By Aislinn De'Ath

By Aislinn De'Ath
Click on my face to link to my vlog!

Monday, 30 December 2013

New Years Resolutions...

So it's New Years Eve Eve and as such I've come up with a list of resolutions that I think I should probably follow:

  • Step away from the Boursin. You've had more than you can count this year and the addiction is getting out of control (oooh but the herby, cheesy goodness!)
  • Do a feature film, with a nice juicy part-as much as I love doing tv, shorts and theatre (as well as my voice work) I have yet to tick off a feature on the to do list!
  • Work out how to use my sewing machine. At the moment it keeps bunching and it's driving me up the wall!
  • Start vlogging regularly. This may require some work on my editing skills...
  • Enough with the smoking-this year is the year I stop for good.
  • Eat more porridge. I forgot how utterly delicious it is! Started this morning with a bowl made with almond milk, raisins and chopped nuts with manuka honey. Blooming wonderful when there's a gale howling outside!
  • Take some driving lessons (the provisional licence is now officially ordered!)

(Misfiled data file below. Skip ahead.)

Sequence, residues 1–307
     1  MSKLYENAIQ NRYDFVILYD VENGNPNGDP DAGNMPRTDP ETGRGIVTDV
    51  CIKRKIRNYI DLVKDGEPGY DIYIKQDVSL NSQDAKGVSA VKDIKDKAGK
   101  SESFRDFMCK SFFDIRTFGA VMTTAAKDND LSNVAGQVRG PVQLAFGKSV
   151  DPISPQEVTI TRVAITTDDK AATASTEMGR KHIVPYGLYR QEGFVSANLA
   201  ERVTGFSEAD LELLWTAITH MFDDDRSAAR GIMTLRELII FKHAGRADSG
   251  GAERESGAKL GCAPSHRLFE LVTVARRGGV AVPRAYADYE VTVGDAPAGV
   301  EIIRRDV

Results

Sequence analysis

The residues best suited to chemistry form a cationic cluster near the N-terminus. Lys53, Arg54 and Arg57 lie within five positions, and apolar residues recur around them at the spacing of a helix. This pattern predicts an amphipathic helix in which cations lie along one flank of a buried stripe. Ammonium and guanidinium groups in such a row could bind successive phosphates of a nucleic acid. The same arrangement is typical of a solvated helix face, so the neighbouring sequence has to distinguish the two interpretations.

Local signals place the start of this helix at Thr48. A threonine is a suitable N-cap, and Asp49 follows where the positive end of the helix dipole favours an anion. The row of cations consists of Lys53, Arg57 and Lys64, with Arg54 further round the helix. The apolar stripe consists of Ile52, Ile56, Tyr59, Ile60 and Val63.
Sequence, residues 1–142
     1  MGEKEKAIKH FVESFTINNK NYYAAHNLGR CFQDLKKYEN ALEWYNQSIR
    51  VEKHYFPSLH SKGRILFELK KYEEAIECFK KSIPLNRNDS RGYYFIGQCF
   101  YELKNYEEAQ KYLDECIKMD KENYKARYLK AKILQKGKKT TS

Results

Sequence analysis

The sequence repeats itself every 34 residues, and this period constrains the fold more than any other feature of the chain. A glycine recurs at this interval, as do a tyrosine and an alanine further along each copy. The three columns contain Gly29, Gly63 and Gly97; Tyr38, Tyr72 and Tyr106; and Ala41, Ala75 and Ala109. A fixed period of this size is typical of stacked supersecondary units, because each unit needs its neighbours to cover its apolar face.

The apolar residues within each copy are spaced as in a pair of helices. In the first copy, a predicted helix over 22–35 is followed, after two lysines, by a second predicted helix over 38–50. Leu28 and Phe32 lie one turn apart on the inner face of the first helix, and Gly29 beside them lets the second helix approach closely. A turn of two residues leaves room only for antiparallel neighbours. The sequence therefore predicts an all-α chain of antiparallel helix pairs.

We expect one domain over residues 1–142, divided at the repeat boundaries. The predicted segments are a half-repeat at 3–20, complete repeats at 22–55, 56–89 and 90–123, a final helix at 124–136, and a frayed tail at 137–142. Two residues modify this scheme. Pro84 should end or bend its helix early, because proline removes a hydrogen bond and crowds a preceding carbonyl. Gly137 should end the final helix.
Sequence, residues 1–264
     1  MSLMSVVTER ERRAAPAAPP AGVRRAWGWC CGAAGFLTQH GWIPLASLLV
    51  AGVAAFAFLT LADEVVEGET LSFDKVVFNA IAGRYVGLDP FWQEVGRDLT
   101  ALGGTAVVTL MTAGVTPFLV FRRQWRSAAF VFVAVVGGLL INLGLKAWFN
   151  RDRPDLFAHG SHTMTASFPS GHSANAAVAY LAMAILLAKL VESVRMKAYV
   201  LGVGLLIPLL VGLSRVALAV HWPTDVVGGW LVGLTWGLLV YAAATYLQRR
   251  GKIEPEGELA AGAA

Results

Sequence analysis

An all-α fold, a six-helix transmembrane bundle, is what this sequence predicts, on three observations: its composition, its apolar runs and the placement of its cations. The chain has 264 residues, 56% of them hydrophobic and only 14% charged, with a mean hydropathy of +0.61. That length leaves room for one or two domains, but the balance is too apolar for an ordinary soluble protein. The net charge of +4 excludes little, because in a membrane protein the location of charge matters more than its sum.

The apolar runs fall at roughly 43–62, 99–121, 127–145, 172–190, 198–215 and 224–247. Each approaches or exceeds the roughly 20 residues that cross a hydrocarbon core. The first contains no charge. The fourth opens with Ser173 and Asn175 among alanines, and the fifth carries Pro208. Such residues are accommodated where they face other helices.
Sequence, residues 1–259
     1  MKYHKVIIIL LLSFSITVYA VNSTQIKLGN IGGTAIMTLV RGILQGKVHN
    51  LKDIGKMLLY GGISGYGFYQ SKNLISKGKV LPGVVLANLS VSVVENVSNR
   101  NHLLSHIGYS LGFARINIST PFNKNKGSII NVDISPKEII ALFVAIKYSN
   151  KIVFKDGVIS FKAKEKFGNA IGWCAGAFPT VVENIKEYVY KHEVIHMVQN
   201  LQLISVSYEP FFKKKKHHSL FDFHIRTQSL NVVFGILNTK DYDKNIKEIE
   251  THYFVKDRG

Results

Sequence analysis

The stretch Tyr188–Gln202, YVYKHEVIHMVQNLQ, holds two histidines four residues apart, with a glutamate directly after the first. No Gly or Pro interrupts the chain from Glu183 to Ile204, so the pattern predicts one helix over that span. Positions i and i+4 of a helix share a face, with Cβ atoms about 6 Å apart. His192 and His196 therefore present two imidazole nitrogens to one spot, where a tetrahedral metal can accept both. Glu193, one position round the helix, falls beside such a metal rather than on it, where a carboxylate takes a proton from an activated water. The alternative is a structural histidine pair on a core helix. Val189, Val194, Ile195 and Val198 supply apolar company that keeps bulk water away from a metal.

• Be the best bridesmaid EVAR at my oldest friend's wedding in July
  • Dance like an idiot more. The many, many weddings I'm going to may help with that
  • Do more stuff that I've never done before
  • Take more risks, plan some adventures
  • Only buy really beautiful underwear. No more primark rubbish, just well structured silks and vintage cuts
  • Be the strong, happy version of myself that I enjoy being the most
  • Enjoy my godson while he's young enough to let me dress him up in stupid outfits and give him big hugs
  • Mentor more young actors
  • Give back to society as much as I can
And the final resolution I did this morning (before January even begins, because I am a resolution GANGSTA)

Become an organ donor. Because I think it's a pretty fantastic thing to be able to save the lives of others through my death, and if I die before my time (as a number of dear people have this year), I'd like my family to know that part of me is still living and helping others in one way or another. If you guys want to make that one of your new years resolutions too, then please please go on, it only takes a minute or two and it could change so many lives. Only something like 31% of UK citizens are signed up-let's make 2014 the year that changes.